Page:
Tongue Rolling Is Probably Not Passed down from Your Parents
Growing up you were a kid that COULD or you were the kid that COULDN'T. (Just for the record, I was one of the kids that COULDN't!) I wanted to be one of the COULDS, I would even practice in a mirror, just trying to teach myself how to do it. But it never worked.
My sophomore year in high school was the year I was taught that I was a COULDN'T because of the way I was made. My biology teacher, Mr. Trautmann, said that people who COULD roll their tongue had a different gene then those that COULDN'T.
Biology wasn't one of my strong subjects in school. Honestly, I don't recall too much information from the class, except that tongue rolling was genetic. But you might be surprised to know that what many biology students are learning about tongue rolling is actually not true.
According to research done by an evolutionary biologist named John McDonald, everything that we have been taught about tongue rolling being a dominant trait, is all wrong.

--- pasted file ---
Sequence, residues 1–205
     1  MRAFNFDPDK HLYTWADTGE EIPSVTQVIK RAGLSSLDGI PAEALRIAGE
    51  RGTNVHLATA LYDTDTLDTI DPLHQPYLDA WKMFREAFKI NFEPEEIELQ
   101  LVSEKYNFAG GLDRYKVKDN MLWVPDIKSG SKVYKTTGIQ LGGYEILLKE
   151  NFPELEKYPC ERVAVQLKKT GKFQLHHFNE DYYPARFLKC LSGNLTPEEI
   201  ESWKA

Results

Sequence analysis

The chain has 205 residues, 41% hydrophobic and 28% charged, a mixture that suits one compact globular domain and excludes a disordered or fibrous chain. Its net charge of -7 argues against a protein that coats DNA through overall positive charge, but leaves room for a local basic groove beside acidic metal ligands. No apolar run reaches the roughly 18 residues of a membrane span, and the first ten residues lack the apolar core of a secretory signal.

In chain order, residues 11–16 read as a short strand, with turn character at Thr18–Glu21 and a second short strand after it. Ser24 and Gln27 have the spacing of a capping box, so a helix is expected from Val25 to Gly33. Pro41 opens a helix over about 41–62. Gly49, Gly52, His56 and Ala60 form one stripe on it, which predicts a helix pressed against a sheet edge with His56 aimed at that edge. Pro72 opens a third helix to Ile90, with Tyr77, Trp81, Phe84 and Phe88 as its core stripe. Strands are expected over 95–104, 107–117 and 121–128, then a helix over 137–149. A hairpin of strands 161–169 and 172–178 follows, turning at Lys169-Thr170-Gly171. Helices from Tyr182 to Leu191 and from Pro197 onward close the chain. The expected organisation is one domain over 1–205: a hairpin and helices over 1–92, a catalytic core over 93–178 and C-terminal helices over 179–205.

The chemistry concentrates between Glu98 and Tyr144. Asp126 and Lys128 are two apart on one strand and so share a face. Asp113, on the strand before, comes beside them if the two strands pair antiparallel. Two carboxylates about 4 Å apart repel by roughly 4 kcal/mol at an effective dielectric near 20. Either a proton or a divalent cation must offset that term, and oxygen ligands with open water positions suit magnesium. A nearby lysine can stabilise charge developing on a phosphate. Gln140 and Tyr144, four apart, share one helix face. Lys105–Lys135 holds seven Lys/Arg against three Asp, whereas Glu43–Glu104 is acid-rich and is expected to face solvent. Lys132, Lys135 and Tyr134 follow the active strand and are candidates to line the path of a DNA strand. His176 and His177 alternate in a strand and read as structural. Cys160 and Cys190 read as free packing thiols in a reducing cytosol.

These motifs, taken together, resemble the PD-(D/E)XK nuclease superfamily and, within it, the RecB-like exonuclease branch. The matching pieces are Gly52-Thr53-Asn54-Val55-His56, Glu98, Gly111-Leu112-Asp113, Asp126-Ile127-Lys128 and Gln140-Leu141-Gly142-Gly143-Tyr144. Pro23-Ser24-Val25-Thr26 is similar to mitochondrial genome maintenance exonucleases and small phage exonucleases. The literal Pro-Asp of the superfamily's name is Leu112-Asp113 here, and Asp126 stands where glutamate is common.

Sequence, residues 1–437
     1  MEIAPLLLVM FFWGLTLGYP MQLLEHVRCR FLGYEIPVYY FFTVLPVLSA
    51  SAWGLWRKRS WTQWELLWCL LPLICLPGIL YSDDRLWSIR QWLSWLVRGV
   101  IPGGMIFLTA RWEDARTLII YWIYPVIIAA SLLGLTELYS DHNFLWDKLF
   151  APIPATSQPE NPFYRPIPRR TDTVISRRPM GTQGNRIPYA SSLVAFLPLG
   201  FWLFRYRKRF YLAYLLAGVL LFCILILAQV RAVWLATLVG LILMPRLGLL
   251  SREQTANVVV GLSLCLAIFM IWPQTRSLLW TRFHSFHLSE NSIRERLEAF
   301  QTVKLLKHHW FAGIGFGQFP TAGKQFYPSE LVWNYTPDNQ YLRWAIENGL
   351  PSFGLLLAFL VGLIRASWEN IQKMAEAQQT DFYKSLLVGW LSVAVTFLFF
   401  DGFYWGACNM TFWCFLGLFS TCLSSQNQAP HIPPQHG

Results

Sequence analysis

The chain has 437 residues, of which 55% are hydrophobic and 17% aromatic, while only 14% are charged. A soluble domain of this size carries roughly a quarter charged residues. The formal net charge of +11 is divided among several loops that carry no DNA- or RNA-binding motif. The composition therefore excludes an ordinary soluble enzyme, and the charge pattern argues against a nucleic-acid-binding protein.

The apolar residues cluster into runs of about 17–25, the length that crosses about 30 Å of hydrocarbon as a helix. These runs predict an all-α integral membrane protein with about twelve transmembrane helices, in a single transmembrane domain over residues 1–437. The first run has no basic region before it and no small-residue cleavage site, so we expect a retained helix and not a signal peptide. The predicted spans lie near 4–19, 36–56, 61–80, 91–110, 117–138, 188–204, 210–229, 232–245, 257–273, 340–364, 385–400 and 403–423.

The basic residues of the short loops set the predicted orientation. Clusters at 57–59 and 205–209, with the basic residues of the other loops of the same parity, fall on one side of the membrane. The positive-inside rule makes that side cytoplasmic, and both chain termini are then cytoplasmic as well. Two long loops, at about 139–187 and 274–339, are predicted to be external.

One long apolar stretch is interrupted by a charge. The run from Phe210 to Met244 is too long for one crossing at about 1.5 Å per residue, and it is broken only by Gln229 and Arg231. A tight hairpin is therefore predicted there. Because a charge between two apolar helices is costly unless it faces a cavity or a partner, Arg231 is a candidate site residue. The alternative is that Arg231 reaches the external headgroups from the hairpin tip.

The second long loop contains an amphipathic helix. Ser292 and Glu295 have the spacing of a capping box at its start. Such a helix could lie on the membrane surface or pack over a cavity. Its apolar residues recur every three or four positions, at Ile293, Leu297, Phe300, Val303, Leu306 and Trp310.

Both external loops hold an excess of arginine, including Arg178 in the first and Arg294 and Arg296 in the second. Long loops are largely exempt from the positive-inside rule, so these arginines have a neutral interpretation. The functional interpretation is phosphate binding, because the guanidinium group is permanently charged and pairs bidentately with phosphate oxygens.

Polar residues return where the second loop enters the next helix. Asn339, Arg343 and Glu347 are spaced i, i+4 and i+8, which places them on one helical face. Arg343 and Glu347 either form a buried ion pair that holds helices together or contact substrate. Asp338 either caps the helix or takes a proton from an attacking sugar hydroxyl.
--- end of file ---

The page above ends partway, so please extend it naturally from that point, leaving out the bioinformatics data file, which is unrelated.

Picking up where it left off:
McDonald points out that the theory of tongue rolling being from a passed on, dominant trait probably started in 1940. That theory was debunked in 1952 by researcher Philip Matlock. Matlock did a study on identical twins and the tongue-rolling ability and was able to prove that if it was a dominant trait, both twins would have the ability to roll their tongues. But often times, that wasn't the case.
McDonald did say that genetics may have a little to do with it, but the ability to roll the tongue may come from a gene that controls tongue length or even muscle tone.
But while you might think that the tongue-rolling myth is harmless, McDonald said that he has received emails from kids who worry about the tongue-rolling status of themselves and their parents. Because tongue-rolling is often thought of as something being passed from parent to child, the most common question is, "Are my parents really my parents, or am I adopted?" McDonald is usually pretty quick to respond by saying, " If your mom and dad can’t roll their tongues, don’t worry. Chances are you’re still their kid."
Source: PBS Newshour